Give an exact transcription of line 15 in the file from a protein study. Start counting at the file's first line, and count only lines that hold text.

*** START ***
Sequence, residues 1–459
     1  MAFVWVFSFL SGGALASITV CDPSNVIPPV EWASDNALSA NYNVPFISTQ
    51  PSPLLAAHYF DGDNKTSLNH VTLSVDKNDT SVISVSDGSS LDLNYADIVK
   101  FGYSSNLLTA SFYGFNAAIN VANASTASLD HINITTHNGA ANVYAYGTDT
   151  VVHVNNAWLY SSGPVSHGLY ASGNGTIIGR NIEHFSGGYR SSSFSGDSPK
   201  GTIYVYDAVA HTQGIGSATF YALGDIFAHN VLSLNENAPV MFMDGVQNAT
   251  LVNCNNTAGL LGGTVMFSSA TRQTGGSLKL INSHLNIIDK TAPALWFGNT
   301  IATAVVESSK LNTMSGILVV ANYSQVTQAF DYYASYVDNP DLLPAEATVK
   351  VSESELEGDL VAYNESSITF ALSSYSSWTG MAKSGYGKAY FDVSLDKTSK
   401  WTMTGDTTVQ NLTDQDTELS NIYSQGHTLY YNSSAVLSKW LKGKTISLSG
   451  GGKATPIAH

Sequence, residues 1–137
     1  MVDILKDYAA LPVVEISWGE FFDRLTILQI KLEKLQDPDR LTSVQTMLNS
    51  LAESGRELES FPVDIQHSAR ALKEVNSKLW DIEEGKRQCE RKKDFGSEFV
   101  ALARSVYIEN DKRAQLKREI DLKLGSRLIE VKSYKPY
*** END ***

   101  ALARSVYIEN DKRAQLKREI DLKLGSRLIE VKSYKPY